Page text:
The field id keeps the device number for setup endpoints and
          the endpoint number for all other endpoints.  For example,
          it would be 3 for /dev/usb/ep3.0 and 1 for /dev/usb/ep3.1.
          It is easy to remember this because the former is created to
          operate on the device, while the later has been created as a
          particular endpoint to perform I/O.

          Fields dfd and cfd keep the data and control file descrip-
          tors, respectively.  When a Dev is created the control file
          is open, initially.  Opening the data file requires calling
          opendevdata with the appropriate mode.

     USB(2)                                                     USB(2)

          When the device configuration information has been loaded
          (see below), maxpkt holds the maximum packet size (in bytes)
          for the endpoint and usb keeps the rest of the USB informa-

          Most of the information in usb comes from parsing various
          device and configuration descriptors provided by the device,
          by calling one of the functions described later.  Only
          descriptors unknown to the library are kept unparsed at
          usb.ddesc as an aid for the driver (which should know how to
          parse them and what to do with the information).

          Startdevs is a wrapper that locates devices of interest,
          loads their configuration information, and starts a
          thread(2)'s proc for each device located so that it executes
          f as its main entry point. The entry point is called with a
          pointer to the Dev for the device it has to process, argc,
          and argv.  Devices are located either from the arguments
          (after options) in argv, if any, or by calling the helper
          function mf with the argument ma to determine (for each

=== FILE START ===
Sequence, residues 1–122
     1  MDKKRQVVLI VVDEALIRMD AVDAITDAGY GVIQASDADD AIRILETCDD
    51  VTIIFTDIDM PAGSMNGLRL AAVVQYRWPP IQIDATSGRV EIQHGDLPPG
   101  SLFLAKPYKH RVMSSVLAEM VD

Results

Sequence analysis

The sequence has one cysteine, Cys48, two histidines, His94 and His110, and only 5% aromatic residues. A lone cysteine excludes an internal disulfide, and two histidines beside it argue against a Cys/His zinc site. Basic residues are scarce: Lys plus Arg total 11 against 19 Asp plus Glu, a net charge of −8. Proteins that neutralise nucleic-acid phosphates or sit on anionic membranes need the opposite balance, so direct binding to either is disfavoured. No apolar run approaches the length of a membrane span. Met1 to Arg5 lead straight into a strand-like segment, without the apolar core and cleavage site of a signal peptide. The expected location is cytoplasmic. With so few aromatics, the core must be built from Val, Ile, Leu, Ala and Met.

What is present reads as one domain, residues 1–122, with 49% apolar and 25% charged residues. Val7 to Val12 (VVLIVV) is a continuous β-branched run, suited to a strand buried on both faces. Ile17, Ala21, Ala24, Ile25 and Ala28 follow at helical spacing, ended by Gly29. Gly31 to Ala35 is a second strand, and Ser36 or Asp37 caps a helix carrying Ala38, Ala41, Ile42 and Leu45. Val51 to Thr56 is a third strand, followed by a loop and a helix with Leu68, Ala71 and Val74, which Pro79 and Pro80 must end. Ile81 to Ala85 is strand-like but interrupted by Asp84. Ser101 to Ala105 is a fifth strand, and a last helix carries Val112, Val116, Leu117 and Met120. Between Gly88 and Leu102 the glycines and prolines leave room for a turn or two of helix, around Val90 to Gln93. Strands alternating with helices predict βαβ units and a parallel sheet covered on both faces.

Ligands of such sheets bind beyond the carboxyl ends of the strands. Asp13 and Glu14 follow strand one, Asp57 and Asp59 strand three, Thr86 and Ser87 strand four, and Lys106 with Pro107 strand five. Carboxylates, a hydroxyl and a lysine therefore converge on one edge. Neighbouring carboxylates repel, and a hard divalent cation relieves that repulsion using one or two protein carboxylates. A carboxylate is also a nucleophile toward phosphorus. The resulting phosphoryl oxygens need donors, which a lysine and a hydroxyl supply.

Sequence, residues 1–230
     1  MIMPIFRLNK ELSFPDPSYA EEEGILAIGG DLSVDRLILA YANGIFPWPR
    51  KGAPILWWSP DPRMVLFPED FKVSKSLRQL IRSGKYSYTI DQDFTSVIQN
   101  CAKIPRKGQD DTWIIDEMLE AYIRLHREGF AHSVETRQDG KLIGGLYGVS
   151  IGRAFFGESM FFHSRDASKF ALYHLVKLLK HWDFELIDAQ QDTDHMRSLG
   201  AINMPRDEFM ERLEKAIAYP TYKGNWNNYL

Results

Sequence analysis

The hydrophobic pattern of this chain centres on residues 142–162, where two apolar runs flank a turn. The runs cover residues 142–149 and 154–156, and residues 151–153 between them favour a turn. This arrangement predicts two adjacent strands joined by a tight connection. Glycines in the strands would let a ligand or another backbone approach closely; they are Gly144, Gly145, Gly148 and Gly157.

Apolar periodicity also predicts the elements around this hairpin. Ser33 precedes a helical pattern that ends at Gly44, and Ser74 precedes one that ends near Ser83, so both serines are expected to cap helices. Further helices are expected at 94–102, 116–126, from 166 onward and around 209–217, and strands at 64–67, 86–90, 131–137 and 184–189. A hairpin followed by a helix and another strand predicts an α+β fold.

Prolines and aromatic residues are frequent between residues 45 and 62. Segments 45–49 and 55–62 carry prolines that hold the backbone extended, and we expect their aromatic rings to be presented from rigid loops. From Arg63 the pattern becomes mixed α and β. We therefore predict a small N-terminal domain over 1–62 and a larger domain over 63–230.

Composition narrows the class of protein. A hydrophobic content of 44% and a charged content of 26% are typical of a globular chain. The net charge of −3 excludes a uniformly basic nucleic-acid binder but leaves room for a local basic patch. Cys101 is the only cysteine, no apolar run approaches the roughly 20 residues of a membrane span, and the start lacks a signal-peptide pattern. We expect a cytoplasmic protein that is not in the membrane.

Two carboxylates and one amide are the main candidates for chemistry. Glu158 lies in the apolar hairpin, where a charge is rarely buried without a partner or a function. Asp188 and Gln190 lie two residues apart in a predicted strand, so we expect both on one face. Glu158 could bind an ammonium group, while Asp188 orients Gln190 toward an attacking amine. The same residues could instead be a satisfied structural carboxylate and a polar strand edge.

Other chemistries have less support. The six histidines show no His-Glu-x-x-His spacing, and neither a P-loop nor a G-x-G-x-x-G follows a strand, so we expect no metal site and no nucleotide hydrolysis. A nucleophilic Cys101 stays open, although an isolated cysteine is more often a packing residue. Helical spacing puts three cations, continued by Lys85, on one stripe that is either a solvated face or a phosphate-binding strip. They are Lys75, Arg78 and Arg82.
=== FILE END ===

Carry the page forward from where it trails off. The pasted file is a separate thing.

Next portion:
device available) if the device belongs to the driver or
          not. If the function returns -1 then the device is not for

          In many cases, matchdevcsp may be supplied as mf along with
          a (null terminated) vector of CSP values supplied as ma.
          This function returns 0 for any device with a CSP matching
          one in the vector supplied as an argument and -1 otherwise.
          In other cases (eg., when a particular vendor and device ids
          are the ones identifying the device) the driver must include
          its own function and supply it as an argument to startdevs.
          The first argument of the function corresponds to the infor-
          mation known about the device (the second line in its ctl
          file).  Openep creates the endpoint number id for the device
          d and returns a Dev structure to operate on it (with just
          the control file open).

          Opendev creates a Dev for the endpoint with directory fn.
          Usually, the endpoint is a setup endpoint representing a
          device. The endpoint control file is open, but the data file
          is not. The USB description is void.  In most cases drivers
          call startdevs and openep and do not call this function

          Configdev opens the data file for the device supplied and
          loads and parses its configuration information.  After call-
          ing it, the device is ready for I/O and the USB description
          in Dev.usb is valid.  When using startdevs it is not desir-
          able to call this function (because startdevs already calls

     USB(2)                                                     USB(2)